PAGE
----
It is necessary to love characters to write a script truthfully and successfully.

Inner Sanctum: The Prophet has been directed by veteran Vuong Duc. Does the movie satisfy you?

In The Prophet, there is a moving scene. A soldier picks up a map that has a draft plan to attack Viet Bac (northern mountainous Viet Nam) and the French determination to take Ho Chi Minh alive.

The soldier runs through the forest, battling with the French vehicles. Finally, he gives the map to the Vietnamese military headquarters and breathes his last.

In another scene, Ho Chi Minh comes to a prison camp and sees a female prisoner, who is feeling very cold. Ho Chi Minh takes off his coat and gives it to her.

When I write about Ho Chi Minh, I try to portray him as a simple person to highlight his greatness.

Well-known actor Bui Bai Binh played President Ho. I like his acting very much, especially in a scene that shows the president conferring the title of 'General' on Vo Nguyen Giap. In the script, I depicted Ho Chi Minh as telling Gen Giap with tears in his eyes, "Van, I know you prefer taking a pen to a gun. Reluctantly, you are a General."

All scenes show Ho Chi Minh's nature.

Inner Sanctum: Why did you want to focus on Ho Chi Minh's prophecy?

In a historic book Ho Chi Minh wrote in 1941 in the six-eight-metre poem style, he said Viet Nam would be independent in 1945.

In another instance, during the World War II, he said besides the Soviet Union, there would be many other socialist countries.

In early 1968, he predicted that Americans would only yield after they lose a battle in Ha Noi.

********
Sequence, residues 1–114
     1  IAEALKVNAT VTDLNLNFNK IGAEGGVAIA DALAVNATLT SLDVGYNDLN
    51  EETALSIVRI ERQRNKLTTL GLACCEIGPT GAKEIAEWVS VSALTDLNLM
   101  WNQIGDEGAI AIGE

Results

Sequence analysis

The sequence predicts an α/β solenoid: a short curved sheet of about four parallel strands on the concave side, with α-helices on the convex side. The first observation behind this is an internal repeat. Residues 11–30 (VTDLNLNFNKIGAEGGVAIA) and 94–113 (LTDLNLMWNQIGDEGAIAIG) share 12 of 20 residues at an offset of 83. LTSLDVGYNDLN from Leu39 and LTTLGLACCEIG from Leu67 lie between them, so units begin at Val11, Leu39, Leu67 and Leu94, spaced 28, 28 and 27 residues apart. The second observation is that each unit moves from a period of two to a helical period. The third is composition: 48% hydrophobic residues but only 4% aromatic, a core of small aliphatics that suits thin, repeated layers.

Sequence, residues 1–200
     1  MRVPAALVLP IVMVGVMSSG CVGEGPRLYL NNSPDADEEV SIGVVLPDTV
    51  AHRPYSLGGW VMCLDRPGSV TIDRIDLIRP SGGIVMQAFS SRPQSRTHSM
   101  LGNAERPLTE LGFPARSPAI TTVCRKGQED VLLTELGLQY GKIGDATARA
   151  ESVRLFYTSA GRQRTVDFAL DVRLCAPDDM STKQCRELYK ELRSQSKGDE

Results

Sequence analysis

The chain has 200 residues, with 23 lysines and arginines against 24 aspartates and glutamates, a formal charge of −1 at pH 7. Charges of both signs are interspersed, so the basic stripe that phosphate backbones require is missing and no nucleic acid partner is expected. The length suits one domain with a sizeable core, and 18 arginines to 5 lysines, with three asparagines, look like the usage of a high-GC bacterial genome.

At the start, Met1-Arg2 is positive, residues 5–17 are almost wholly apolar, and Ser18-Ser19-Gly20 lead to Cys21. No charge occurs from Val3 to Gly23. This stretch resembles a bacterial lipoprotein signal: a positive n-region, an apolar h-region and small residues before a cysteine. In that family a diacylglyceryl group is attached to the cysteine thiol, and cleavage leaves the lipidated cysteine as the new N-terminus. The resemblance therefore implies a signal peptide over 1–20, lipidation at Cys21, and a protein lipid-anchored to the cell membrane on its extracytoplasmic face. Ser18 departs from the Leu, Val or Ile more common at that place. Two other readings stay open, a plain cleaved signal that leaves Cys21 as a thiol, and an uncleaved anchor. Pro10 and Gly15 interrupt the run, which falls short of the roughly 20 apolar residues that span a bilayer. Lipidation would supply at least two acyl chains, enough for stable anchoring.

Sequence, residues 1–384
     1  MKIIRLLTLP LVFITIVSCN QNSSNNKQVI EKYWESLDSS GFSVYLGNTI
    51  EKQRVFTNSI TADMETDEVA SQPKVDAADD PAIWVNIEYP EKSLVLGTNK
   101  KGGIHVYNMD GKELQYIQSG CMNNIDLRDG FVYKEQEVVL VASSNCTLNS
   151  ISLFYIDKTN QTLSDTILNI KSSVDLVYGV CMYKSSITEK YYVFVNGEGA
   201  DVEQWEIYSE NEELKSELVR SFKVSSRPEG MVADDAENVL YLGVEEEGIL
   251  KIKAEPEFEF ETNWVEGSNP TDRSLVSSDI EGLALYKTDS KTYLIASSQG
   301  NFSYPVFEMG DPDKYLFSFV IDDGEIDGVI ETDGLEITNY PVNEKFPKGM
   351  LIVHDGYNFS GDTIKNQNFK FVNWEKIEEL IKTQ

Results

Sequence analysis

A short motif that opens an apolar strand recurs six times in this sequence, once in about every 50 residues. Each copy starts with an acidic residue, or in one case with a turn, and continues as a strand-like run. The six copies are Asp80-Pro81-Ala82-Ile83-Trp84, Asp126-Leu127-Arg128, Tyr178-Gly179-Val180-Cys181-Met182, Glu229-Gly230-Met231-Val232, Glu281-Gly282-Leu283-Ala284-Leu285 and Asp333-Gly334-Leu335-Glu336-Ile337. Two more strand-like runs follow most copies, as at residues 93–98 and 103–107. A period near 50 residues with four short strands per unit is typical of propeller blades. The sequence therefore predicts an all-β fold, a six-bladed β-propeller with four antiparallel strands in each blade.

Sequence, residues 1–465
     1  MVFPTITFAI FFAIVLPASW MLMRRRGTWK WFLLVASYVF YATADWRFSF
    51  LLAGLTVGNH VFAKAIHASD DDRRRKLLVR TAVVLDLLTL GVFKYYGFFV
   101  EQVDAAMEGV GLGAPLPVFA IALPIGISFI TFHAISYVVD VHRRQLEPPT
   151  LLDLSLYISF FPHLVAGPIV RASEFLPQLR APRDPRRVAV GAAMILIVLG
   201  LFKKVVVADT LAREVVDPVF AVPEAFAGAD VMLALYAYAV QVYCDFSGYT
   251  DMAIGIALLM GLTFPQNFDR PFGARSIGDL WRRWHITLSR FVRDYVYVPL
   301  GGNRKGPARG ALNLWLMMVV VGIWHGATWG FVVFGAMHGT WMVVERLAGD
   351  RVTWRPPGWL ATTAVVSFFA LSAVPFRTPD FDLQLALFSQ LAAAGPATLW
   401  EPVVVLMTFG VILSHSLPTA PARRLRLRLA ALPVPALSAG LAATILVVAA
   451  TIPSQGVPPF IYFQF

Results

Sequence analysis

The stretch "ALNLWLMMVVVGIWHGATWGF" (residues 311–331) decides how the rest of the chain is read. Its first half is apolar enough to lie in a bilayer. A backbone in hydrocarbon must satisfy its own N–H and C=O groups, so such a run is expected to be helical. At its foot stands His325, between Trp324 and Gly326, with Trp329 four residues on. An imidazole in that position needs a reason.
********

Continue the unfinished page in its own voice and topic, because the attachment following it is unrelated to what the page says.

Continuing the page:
In 1960, President Ho said the north and the south of Viet Nam would unify.

In the 1947-48 period, the French launched a major offensive against the northern mountainous province of Cao Bang, the very cradle of the resistance war. President Ho Chi Minh wrote in his short story entitled Giac Ngu 10 Nam (Ten-Year Sleeping) that Ha Noi would be liberated without fierce battles.

It is true our beloved Ha Noi was liberated on October 10, 1954, thanks to the Geneva Accord and the French withdrawal from Ha Noi. History proves that all his prophecies came true.

Inner Sanctum: You joined the army in 1971 when you were a second-year student at the Ha Noi University. Have you been obsessed with the war?

I remember my teacher in Ha Noi University's literature department. He saw us off to the battlefield. I was told later that my teacher burst into tears after our bus left. He didn't know when his students would return.

Many other Vietnamese soldiers and I preferred a pen to a gun.

I have been obsessed with the war. My older son, who is a second-year student of filmmaking, told me that his first movie would be about me being obsessed with war. He has seen me walk in my sleep sometimes and taking a bottle of Coca-Cola from the refrigerator to give to my imaginary comrade.

Inner Sanctum: Is that the reason why your scripts are always about history?

I'm a native of Ha Noi and want to write about my beloved capital. In The Prophet, I wanted to highlight Ho Chi Minh's military genius. He was a military leader but loved peace.

I still want to write about Ho Chi Minh and I think he is alive in Vietnamese life.

I continue to write about soldiers. I'm preparing to write a script about soldiers in modern life and the integration progress. It will tell the story of soldiers on two sides, their messages and what they want to say about war. It will be about sharing, sympathy and forgiving. It is about being human, the only thing that can heal the world. — VNS